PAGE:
Nearly 60 percent of hatchlings will be disorientated by lights on land that can cause them to wander away from the Gulf of Mexico. Hatchlings that don’t reach the water quickly are at risk of dehydration, starvation and predation. Disoriented hatchlings also can wander into busy roads, garages and swimming pools.
Besides loggerheads, which can live up to 50 years and reach a weight of 500 pounds, kemp’s ridley and green sea turtles also nest on Alabama Gulf Coast beaches. Some of the nests can include more than 100 eggs.
An estimated 70,786 hatchlings made it to the Gulf from Alabama’s beaches over a 10 year period, according to the Alabama Coastal Foundation, which administers the Share The Beach program that enlists volunteers to monitor each of the nests. The 2016 nesting / hatching season was a record breaker for Share The Beach, with a total of 237 nests documented.
Share The Beach Coordinator Sara Johnson oversees as many as 450 volunteers who are eager to help patrol Alabama’s 47 miles of coastline on the Gulf of Mexico. Those volunteers search for new nests and protect existing nests and hatchlings from natural and human-related dangers.
Share The Beach works in coordination with Orange Beach-Gulf Shores Tourism and Gulf State Park staff to distribute informational brochures and educate tourists and locals about the sensitivity of the turtles and their nesting habits.
“We absolutely work with both Gulf State Park and the Tourism Bureau to get the word out about nesting season and best practices for being sea turtle friendly on our beaches. They have both been wonderful resources over the years and both are groups we plan to continue working closely with,’’ Johnson said.
“If you are in the general (vicinity of a turtle nest or a turtle, keep your distance, no matter what species you are looking at,” Johnson added.
Share the Beach and Gulf State Park are natural partners in their shared quest to protect the state’s turtle population.
“Annual events, like our Turtle Fest, involve coordination with Share the Beach,’’ Bianco said. “Since Share the Beach monitors all of Alabama’s coastline during sea turtle season, and Gulf State Park has about two miles of beach, there is also coordination on that end.’’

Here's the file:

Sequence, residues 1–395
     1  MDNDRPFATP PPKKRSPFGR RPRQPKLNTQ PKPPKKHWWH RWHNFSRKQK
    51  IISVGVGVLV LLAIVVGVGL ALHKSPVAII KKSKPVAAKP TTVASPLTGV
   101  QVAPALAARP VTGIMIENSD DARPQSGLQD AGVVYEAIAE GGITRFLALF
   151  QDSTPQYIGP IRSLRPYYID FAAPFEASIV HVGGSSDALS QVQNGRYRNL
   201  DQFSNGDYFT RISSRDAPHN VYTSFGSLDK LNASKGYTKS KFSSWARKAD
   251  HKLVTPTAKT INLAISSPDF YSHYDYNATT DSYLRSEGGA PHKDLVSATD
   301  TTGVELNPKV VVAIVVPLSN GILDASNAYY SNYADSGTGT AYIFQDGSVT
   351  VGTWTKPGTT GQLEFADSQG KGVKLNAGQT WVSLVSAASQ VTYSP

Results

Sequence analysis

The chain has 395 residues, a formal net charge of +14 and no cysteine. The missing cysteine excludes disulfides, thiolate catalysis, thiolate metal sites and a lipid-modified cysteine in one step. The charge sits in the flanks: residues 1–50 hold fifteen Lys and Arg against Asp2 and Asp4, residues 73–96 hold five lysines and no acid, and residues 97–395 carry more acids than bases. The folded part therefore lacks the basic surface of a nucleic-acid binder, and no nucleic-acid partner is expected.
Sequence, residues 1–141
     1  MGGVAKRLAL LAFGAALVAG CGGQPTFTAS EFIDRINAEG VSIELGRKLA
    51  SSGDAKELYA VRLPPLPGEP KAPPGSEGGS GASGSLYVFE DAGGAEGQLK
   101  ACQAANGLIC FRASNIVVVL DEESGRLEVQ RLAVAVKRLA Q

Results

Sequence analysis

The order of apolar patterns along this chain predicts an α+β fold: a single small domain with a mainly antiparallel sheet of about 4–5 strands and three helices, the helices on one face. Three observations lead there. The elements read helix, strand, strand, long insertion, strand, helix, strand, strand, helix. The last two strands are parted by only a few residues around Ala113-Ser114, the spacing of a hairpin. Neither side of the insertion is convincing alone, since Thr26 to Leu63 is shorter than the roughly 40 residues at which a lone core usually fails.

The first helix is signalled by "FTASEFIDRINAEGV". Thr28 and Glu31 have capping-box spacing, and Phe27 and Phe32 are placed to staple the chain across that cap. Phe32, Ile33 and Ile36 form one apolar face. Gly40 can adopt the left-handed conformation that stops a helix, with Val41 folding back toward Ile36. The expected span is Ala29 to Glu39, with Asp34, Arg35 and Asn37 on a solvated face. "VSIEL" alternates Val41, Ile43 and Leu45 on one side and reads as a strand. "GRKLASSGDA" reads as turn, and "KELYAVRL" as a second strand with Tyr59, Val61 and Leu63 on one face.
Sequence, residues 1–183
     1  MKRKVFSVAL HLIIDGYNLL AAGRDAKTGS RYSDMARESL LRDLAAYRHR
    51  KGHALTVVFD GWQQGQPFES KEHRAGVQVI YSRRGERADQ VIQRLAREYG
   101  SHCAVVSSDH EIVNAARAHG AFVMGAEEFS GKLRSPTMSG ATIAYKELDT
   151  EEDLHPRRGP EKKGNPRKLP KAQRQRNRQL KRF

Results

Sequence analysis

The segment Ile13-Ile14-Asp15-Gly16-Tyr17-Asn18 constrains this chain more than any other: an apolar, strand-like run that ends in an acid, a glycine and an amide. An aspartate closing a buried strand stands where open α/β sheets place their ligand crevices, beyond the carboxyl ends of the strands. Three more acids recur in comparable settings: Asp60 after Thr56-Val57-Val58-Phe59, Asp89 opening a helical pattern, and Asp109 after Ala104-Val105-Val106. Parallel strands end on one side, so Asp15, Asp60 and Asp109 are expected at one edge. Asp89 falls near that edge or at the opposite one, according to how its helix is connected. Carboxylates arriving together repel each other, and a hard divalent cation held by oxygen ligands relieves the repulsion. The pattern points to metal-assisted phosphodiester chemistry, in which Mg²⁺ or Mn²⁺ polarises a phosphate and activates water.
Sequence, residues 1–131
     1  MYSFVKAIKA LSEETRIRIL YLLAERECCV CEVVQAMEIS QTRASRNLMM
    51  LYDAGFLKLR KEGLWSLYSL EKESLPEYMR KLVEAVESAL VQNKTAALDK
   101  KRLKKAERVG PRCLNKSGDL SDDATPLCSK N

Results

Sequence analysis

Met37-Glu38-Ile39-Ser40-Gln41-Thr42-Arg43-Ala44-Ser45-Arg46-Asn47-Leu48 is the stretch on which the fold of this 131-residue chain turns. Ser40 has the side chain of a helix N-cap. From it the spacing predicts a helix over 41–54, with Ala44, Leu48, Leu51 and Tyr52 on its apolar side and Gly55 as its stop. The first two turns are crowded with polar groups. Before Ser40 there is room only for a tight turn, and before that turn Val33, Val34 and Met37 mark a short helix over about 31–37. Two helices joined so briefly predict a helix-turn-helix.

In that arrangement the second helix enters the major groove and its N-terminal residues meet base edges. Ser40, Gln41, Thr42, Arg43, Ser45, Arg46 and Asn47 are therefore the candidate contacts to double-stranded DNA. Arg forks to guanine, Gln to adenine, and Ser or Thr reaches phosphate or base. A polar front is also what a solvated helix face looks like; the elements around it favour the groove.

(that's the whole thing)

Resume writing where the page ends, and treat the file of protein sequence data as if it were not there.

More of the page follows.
Bianco also works as a contracted public engagement coordinator through the Alabama Coastal Foundation.
“Sara and I have a good working relationship on multiple ends,’’ Bianco said. “When a turtle is called through the sea turtle hotline, Sara will reach out to us if it was reported at the State Park.’’
Johnson said although Share the Beach was not directly involved in the loggerhead turtle rescue at Gulf State Park Pier, as manager of the sea turtle hotline, she does help coordinate rescues with NOAA Stranding Coordinator, Lyndsey Howell.
There were 66 total nests on Alabama beaches this year.
“It was definitely a low year, though we don’t have an indication for why that is,’’ Johnson said.
Share the Beach was formed in 2005 by Mike Reynolds and the Friends of the Bon Secour Wildlife Refuge in Gulf Shores.
In 2018, with the blessing of Reynolds (affectionately known as the turtle czar), ACF took over administration of the program, which follows protocols set forth by the U.S. Fish and Wildlife Service to help protect the nesting sea turtles and their habitat using specific guidelines.
Marine turtles are one of the earth’s most ancient creatures, with a fossil record going back 150 million years. Some estimates suggest they first appeared on earth as much as 230 million years ago, making them 224 million years older than humans. Alabama’s sea tea turtles are generally found in the waters over continental shelves.
For more info about Alabama’s sea turtle population, visit or To report a stranded or injured sea turtle, call (866) SEA-TURTLE (866-732-8878).
Cover Photo: Cory Powell (blue polo) and Gulf State Park Pier Manager Aubrey Bianco with a severely injured loggerhead turtle after an Oct. 7 incidental capture at Gulf State Park Pier. (Photo by Farren Dell). Below: Hatchlings beginning a journey that will hopefully result in a return to the exact same beach to lay eggs of their own.